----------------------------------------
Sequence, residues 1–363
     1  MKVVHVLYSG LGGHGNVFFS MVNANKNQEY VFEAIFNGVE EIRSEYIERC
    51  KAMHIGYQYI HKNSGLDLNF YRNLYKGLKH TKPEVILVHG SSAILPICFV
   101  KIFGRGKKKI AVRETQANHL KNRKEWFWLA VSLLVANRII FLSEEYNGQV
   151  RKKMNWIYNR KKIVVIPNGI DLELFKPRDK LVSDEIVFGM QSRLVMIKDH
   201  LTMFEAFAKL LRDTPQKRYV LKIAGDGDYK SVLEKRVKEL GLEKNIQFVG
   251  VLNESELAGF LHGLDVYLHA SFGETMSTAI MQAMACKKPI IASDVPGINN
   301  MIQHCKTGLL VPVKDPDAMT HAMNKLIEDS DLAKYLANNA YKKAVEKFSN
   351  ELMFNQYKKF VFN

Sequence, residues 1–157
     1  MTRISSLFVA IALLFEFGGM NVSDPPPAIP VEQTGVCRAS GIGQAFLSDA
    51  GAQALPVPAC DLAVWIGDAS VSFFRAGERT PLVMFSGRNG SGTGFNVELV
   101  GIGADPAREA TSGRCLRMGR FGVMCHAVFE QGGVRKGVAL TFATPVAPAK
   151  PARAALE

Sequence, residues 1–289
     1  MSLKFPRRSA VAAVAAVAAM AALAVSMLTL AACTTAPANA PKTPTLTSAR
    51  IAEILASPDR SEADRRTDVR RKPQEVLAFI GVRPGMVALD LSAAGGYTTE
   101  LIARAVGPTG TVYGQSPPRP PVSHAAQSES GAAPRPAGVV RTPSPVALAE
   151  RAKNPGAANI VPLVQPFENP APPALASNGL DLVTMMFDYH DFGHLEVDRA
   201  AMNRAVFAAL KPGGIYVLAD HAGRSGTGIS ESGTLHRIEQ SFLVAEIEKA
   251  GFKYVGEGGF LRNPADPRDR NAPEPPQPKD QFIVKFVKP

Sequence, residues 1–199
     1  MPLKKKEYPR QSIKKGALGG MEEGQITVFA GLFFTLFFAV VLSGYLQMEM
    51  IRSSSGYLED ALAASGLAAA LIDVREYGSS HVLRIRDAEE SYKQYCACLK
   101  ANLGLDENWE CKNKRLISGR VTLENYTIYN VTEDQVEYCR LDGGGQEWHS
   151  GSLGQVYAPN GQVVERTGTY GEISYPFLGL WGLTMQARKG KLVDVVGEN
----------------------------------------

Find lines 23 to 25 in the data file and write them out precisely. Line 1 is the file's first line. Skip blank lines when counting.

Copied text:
     1  MPLKKKEYPR QSIKKGALGG MEEGQITVFA GLFFTLFFAV VLSGYLQMEM
    51  IRSSSGYLED ALAASGLAAA LIDVREYGSS HVLRIRDAEE SYKQYCACLK
   101  ANLGLDENWE CKNKRLISGR VTLENYTIYN VTEDQVEYCR LDGGGQEWHS